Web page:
Saturday, February 16, 2013

Adventures in Missions, Compost and Snow-Caves

This is an awesome videoWe've had a few adventures lately and I'd like to share them. They might make you feel like you have no life, so if you tend to feel that way better not read this. I'd hate to make anyone feel the way I usually feel just looking at Facebook for five seconds.

Mission's Fest

We went to Mission's Fest three weekends ago. Most of us in Auxano are so deprived that we were more excited to go on the ferry than we were to go to an amazing Christian conference. We did have a pretty exceptional ferry ride. Brad and Eric played their guitars on the ferry deck and we sang songs and pretended we were in the Auxano band. Wait, you didn't do that guys? Oh. Awkward. Anyway, they're lying. They totally did that too. We sang and played under the overhang where the smokers and drinkers were sitting. They seemed to be enjoying it a lot, especially one guy named Kelly who was just eating it up. We were playing mostly secular songs or else Christians artists that were not overtly Christian but through conversation it got out that we were in a Christian discipleship school. Darn! And here I was trying to keep it a secret. Kelly kept inserting "Give me beer" after the line, "What do I gotta do to make you happy?" which is from the chorus of a song the boys made up about the girls. The next line is, "When everything I do just makes you snappy." The song is called PMS... As you can imagine the song did not go over very well with the girls. A couple of times Kelly almost teared up when we were singing about love and grace and Kelly's drunk cousin kept saying we were making Kelly want to go back to church even before we sang anything overtly Christian. You never know how God is going to work.

We went to a lot of seminars at Mission's Fest but the ones I was really interested in had to do with human trafficking and combating the sex trade. Gussie and I have been researching it and find we both feel a passion to do something about it. We're planning an informational night at the church we go to in Duncan to show the documentary "Nefarious" and write letters to the government. It was fun to help out a bit at the Camp Imadene booth in the exhibits room and wander around talking to people with different Christian organizations. I loved two of the speakers at the general sessions where a few hundred people had church together like it will be in Heaven: believers from every tribe, tongue and nation, and even more unusual, every denomination. One was Luis Palau who was British and hilarious and another was Ajith Fernando who was Indian and so passionate. I also loved taking naps on one of the couches up where the seminars rooms were. I even had ear plugs. At one point Brad and a few others came to where I was and were eating their lunches. Bard decided to put his cheesies on me while I was sleeping so I would wake up with them falling everywhere. Thankfully Jen took them off after he left. The last day there we were waiting for Vern, our van, and a bunch of Capenray students were playing this game called Ninja where you have to try to hit each other's hands in one move. We had started playing Ninja earlier in the year and Brad, who had never actually played before but only watched us play, decided to jump in to their game and start playing with this huge group of people watching. Probably one of the funniest things ever. Eventually four of us (not me, I suck too much at it to want to humiliate myself in front of that many people) joined in and Matt was stoked out of his mind when he won the round.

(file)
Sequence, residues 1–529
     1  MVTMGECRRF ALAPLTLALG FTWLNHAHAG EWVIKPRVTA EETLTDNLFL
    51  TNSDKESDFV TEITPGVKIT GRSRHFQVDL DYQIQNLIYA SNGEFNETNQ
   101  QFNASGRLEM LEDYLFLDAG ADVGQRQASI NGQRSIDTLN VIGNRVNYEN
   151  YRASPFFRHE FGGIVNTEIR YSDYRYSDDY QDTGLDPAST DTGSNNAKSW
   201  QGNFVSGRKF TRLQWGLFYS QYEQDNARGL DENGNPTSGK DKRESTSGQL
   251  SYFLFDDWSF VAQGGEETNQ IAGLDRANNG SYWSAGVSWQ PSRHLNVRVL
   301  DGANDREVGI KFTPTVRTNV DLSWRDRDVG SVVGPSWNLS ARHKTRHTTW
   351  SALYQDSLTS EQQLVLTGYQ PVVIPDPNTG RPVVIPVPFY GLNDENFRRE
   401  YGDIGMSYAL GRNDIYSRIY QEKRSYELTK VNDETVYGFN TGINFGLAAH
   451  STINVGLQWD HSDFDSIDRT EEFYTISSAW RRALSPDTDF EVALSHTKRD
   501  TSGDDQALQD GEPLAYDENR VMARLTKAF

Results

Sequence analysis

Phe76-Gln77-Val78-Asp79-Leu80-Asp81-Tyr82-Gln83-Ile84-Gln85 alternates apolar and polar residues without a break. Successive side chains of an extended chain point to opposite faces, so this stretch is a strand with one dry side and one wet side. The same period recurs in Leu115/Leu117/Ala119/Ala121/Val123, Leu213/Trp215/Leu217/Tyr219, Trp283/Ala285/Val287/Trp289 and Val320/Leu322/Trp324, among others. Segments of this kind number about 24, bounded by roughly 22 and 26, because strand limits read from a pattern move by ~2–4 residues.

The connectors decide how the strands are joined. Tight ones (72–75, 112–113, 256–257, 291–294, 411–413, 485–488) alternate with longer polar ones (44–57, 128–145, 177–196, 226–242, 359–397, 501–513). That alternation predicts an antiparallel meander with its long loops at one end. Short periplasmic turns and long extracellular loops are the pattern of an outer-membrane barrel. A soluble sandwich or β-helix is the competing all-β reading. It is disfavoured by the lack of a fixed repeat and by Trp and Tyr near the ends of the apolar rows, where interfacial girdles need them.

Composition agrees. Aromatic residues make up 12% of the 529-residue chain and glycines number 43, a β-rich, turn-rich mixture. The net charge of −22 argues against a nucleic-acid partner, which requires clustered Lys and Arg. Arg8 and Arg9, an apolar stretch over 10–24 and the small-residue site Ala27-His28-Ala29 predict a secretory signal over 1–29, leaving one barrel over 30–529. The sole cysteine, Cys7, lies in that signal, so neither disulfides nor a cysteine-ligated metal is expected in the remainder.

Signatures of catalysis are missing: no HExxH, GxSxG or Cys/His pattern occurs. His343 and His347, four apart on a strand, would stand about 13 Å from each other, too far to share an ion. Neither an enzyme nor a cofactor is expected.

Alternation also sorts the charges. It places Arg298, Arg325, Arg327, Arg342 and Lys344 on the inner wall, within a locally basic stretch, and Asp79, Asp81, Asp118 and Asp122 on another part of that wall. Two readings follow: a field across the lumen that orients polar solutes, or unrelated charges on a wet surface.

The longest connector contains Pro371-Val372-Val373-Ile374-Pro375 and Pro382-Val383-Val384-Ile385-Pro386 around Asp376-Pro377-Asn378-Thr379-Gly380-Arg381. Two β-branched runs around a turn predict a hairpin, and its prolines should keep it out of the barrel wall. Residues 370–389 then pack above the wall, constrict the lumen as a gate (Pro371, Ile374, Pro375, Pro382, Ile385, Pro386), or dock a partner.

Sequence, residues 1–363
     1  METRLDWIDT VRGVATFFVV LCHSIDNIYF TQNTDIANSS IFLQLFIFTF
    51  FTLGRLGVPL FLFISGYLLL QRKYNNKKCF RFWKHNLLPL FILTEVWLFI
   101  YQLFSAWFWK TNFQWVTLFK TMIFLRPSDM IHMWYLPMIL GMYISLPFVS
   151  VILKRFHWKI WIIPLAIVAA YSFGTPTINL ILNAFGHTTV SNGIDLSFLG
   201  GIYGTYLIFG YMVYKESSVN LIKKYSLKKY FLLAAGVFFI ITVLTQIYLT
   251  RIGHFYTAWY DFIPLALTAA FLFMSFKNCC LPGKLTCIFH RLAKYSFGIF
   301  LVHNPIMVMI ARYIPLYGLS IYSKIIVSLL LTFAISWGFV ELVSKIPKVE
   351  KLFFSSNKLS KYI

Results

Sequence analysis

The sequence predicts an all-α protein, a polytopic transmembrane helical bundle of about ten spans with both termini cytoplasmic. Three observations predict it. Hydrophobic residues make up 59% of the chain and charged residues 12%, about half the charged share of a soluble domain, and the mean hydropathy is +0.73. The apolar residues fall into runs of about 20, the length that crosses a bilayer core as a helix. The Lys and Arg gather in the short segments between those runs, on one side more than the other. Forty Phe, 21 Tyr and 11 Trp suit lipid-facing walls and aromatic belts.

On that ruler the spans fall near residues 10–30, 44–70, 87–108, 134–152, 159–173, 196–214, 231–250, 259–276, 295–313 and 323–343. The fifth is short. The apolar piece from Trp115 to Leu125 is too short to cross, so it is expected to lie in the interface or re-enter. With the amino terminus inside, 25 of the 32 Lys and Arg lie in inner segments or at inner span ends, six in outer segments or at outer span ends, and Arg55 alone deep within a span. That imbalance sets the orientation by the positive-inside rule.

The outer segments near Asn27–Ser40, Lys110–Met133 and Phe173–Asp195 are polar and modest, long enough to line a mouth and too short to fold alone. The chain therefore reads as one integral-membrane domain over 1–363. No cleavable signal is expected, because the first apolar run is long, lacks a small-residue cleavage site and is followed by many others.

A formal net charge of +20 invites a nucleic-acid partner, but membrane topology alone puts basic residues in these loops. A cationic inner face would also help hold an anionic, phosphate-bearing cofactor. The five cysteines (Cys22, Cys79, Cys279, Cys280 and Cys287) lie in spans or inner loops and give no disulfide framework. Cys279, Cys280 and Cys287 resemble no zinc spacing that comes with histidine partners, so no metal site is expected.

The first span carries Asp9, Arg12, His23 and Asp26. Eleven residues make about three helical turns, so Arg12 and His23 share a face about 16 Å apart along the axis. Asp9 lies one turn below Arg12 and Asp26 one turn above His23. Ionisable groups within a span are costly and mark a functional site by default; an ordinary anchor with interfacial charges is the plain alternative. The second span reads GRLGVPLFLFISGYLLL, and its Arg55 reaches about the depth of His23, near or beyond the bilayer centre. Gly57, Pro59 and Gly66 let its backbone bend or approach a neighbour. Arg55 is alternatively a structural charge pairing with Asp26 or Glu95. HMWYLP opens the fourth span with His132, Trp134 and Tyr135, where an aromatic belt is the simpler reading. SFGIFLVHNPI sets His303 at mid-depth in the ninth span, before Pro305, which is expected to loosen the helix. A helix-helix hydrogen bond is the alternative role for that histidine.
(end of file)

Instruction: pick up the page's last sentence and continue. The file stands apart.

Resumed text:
A Rocha

We were staying at the Johnston's (Eric's house) for Mission's Fest who were so nice as to host us and feed us and send us on our merry way to our next adventure: A Rocha (pronounced ah rosha), a Christian environmental stewardship centre that is all about taking care of the earth and educating others on how to do it. As an avid environmentalist and total hippy I absolutely loved it there. Going in I was really hoping it was a commune that I could secretly just join and stay there forever and everyone in Auxano would be like, "Where's Faith?" and someone would say, "She's staying behind," and they'd say, "Why?" and someone would say, "Shhhh, she's with her people now." The farm is on this old estate called Brooksdale in the boonies in Surrey, so close to the US border that my cell phone kept trying to give me roaming charges. I kept yelling at it, "Eh! I'm in Canada, you idiot!" but it didn't seem to make a difference. The estate has this great big Tudor style house and a couple other buildings and the old farm house and it looks like the classic little country manor from the 1800's. It was a present this guy bought his wife as a summer home for riding horses. Pretty nice guy I guess. I felt like I was in Pride and Prejudice and Darcy was going to come around any minute and say something that he meant one way but I took the wrong way but eventually marry him. One night before bed all the girls talked in English accents in one of our rooms and couldn't stop (it's like an addiction) and Shayla tried to tell us a story about a "magic rainbow unicorn mountain." We visited the llama, the sheeps and the chickens, but I was sad to hear they used to have pigs. I was really hoping to steal some piglets. It's probably for the best because the boys (and Steph) would just eat them. To them pigs = bacon. Apparently when llamas are brought up with sheep they think they're one of them and being the biggest of their fellow sheep (because it's actually a llama...) they guard their brothers and sisters. Stupid llamas. When we paid him a visit Steph and Shayla sang a song to him but he must have yawned more than ten times so obviously we were really boring. I tried to befriend the sheep by saying, "Baa ram ewe! Sheep be true, sheep be true!" (I literally said this many times; anyone who hadn't seen Babe didn't understand) but they weren't having it. I assumed it was a universal code of acceptance into the sheep community. Apparently not.